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The Theory of 5: Risk and Reward

We might be offered a new opportunity or position that will provide higher pay or some other reward but comes with more responsibility and will require more time and effort. Or, conditions at our current position might change, tempting us to look for a job elsewhere — or even strike out on our own.

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How Should We Make Decisions Today that Will Influence Our Future?

There are times in our careers — and our lives — where we are faced with decisions that will influence everything that comes after. 

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We might be offered a new opportunity or position that will provide higher pay or some other reward but comes with more responsibility and will require more time and effort. Or, conditions at our current position might change, tempting us to look for a job elsewhere — or even strike out on our own.

While we might know what we want to do, the higher the impact the decision could possibly have on our life raises the need to factor risk into the equation. Desire should be a major component in our decision-making process, but it is also crucial to recognize that there are consequences to our actions. In the Theory of 5, we’ve learned that when it comes to major decisions, the advice and counsel of more-experienced mentors is invaluable. 

Before getting their guidance, however, let’s frame the decision in our minds the best we can. 

Best-case vs. Worst-case Scenarios

When faced with career-altering choices, it’s necessary to examine the pros and cons of each fork in the road.  

In the experience I’ve gained from living a Theory of 5 lifestyle, I’ve learned that the fear of failure can be worse for us in the long run than actually failing from time to time and gaining valuable, hard-won wisdom. The easy path, generally, is to play it safe and never take a chance when we’re not offered a “guaranteed” outcome. The path to our best lives, however, is often found when we take a calculated risk to earn a greater reward.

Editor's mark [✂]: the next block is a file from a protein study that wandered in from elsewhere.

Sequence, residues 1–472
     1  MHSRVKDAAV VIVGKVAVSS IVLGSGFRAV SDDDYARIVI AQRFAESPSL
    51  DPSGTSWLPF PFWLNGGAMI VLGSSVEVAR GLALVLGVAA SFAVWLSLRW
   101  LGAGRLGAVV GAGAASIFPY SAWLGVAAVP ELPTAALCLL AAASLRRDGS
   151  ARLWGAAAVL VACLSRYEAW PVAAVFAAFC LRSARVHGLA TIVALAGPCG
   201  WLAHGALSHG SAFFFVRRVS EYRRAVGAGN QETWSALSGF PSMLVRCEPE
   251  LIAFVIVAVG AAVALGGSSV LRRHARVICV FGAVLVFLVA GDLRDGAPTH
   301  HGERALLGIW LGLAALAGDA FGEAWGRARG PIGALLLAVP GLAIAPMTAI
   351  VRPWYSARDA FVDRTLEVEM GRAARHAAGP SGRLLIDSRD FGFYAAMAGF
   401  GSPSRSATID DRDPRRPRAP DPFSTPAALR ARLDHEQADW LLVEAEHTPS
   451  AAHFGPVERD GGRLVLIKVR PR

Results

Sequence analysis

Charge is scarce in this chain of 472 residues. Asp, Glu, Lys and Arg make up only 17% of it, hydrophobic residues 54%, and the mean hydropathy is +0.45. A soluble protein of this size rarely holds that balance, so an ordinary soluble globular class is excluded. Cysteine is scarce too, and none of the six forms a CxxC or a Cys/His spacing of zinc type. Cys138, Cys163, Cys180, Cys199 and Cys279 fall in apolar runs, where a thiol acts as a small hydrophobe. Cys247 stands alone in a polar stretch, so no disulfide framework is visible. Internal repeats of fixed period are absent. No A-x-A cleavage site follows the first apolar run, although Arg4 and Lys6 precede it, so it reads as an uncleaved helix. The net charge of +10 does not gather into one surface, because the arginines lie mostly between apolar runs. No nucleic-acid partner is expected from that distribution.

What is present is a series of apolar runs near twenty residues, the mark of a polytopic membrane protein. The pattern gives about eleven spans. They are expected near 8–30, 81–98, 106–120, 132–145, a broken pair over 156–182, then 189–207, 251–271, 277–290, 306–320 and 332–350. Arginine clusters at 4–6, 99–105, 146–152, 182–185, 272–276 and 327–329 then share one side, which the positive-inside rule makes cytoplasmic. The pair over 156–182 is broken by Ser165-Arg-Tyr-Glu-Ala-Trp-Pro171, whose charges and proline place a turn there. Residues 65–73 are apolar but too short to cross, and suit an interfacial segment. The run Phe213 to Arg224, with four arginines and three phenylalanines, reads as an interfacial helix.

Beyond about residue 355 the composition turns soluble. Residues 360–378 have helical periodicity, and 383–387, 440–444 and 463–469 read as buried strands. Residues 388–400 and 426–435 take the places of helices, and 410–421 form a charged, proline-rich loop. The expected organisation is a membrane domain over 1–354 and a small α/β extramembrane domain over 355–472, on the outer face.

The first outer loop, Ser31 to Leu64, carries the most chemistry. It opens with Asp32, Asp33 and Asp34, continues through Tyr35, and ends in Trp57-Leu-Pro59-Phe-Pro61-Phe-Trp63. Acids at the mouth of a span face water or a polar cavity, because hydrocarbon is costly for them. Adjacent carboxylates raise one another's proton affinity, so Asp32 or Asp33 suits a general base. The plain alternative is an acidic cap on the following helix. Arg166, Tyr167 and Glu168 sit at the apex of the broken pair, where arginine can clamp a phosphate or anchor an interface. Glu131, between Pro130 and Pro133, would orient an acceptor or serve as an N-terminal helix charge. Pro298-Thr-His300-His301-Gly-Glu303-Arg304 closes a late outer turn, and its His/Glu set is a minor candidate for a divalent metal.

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When faced with a decision, consider both outcomes. Imagine if the decision you make leads to both rational and wildly optimistic outcomes. Would these outcomes fulfill you? Would you and your family lead better lives because of them? Now, imagine the worst. Would you be able to regroup from a “crash and burn”? Could you and your family recover? 

Are We Ready to Pay the Price?

If we decide to take the chance of greater risk with the potential of greater reward, we must ask ourselves a simple but critical question: Are we ready to give it our all?

When we enter a zone of greater risk, the two factors totally under our control are our attitude and effort. In order to win, we must be willing to take massive action to achieve our desired results. We are going to have to put more hours in — at the task itself and in educating ourselves to improve our opportunities to win.
We will have to sacrifice time doing things we like to do for things we need to do for a while, but this won’t last forever. By putting in the time and effort with a positive attitude, we will minimize the risk and maximize the potential for reward. If, for whatever reason, this effort isn’t a possibility, that will support making our decision. 

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Playing it “Safe”

One mistake many people have when facing a decision is not factoring in the risk involved of not making a choice. The “safe” path might seem to have guarantees, but chances are that safety is just an illusion. Nothing in our career — or life — is guaranteed. When we work for someone else, others are going to be making decisions for us; the further down the ladder we are, the more people in higher positions there are who can have a dramatic effect on our career. 

One other variable to take into account is regret. Years from now, will you be telling yourself “I should have/could have/would have”? Imagine yourself looking back at this moment; which decision will you be more proud of making? Will you believe you missed your big moment? Will you feel like you dodged a bullet? Or will this be the moment that everything started to come together for you? 

Some choices might have less risk than others, but it is important to keep in mind that not making a choice is a choice.

The Value of Mentors

Once we have the decision framed in our mind, now is the time to talk to a trusted mentor. If they’ve been in a similar position, their guidance will be invaluable. They can share with us times where they’ve faced decisions and were rewarded by their choices, and there are probably times where they’ve wished they would have taken another path. They can also assist us in seeing factors we might not have taken into consideration that will allow us to make a more informed decision. 

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Courage and preparation — along with the wisdom of our mentors — are the keystones to making informed decisions that will lead to rewarding outcomes. 

Click here to view more solutions from Chris Saraceno.

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